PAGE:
I was stunned. I already knew that he is one of over half a million patients in the United States with the disease, of which 40,000 die every year. It predominantly affects people in the seventh to eighth decade of life, yet here in front of me was an example of the increasing trend of this disease afflicting younger individuals.
I knew that the main feature of pulmonary fibrosis is an irreversible replacement of normal air sacs with inflexible fibrotic scar. And I knew that the cause of fibrosis is not identified in 60% of cases. If causes of fibrosis are not known, it means there is no effective treatment. Expected survival time is 2-3 years.
I came back to my lab thinking that Harry didn’t have much time to learn how to play the violin. Was there anything I could do to change it? Thankfully, his physician was my boss who had hired me to help her with an animal model of the disease.
Harry had completely changed my focus: This wasn’t just another scientific problem. This time the patient and his disease were the center of my attention. I couldn’t give him shots as I did to my teddy bears, but his physician could, if only we had any idea of what to inject. For this, I needed to find out what went wrong in Harry’s lungs.
Left: Human lung with advanced fibrotic foci
Digging in literature and discussions with pulmonologists at Johns Hopkins helped us design an approach that, we’re hoping, should shed some light on the pathogenesis of lung fibrosis. In our research plan we focused on blood vessels in the lung.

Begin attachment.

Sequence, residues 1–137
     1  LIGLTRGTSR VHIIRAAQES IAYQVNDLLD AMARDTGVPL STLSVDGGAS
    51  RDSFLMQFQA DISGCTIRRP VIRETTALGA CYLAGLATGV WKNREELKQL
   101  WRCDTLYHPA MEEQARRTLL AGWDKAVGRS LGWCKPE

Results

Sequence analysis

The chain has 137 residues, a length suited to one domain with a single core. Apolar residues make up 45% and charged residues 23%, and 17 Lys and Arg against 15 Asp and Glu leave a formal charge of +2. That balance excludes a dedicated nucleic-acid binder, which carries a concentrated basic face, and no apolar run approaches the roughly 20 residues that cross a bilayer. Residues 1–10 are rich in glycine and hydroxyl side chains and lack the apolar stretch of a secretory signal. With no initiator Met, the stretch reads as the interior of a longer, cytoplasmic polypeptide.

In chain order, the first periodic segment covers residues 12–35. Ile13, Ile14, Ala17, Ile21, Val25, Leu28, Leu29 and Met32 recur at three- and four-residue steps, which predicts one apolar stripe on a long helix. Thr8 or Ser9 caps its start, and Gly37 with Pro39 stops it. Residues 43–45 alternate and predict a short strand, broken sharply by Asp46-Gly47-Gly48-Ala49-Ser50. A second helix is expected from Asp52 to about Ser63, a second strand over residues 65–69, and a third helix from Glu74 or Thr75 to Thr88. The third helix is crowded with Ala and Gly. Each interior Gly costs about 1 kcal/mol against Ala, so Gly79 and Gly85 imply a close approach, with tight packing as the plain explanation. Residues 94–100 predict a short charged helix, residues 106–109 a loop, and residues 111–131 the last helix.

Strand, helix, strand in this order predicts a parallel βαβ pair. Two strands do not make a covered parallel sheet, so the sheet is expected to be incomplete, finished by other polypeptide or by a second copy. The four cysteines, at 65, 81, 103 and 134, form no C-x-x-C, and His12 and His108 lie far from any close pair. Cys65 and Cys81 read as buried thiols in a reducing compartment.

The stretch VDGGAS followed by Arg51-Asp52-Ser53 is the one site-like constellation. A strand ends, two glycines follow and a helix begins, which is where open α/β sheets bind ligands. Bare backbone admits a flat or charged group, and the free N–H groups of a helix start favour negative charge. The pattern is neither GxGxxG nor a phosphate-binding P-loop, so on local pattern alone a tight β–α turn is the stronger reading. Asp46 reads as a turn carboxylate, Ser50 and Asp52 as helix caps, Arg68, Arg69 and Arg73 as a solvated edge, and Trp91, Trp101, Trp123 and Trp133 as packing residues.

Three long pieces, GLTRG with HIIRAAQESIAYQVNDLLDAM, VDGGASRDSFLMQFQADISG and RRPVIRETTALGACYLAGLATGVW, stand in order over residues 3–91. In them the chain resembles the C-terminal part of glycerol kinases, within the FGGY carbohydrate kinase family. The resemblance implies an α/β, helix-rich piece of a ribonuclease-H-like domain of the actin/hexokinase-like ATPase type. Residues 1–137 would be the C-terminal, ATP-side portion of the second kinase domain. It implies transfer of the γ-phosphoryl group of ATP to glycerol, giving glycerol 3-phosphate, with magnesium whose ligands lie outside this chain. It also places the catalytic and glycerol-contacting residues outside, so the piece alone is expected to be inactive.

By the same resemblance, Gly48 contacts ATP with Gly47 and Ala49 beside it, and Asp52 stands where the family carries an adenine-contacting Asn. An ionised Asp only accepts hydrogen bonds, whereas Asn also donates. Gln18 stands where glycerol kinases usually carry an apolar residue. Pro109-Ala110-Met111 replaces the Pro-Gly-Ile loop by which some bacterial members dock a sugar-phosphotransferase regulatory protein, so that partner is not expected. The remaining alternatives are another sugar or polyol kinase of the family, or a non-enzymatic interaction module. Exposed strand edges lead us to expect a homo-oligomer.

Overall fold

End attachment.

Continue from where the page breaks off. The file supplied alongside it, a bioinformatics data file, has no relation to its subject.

In 1963 an important observation was made that at the very beginning of the disease new very tiny blood vessels appear in the lung. They grow rapidly to some point, then gradually disappear, and in their place scar tissue forms. When we compared this observation with what we knew about other lung diseases, we found significant differences. For instance, in the lungs of patients suffering from emphysema there is a loss of lung blood vessels from the very beginning of the disease. But, in yet another lung disease, in pulmonary hypertension, appearance of new blood vessels is observed, similarly as it is happening at the beginning of fibrosis, but these do not vanish at all!
Why do blood vessels behave differently in each of these diseases? What is the force that makes them grow rapidly then die, or grow endlessly? Is it something coming from the environment that affects them, or is it something within the blood vessels that makes them act in a wrong way?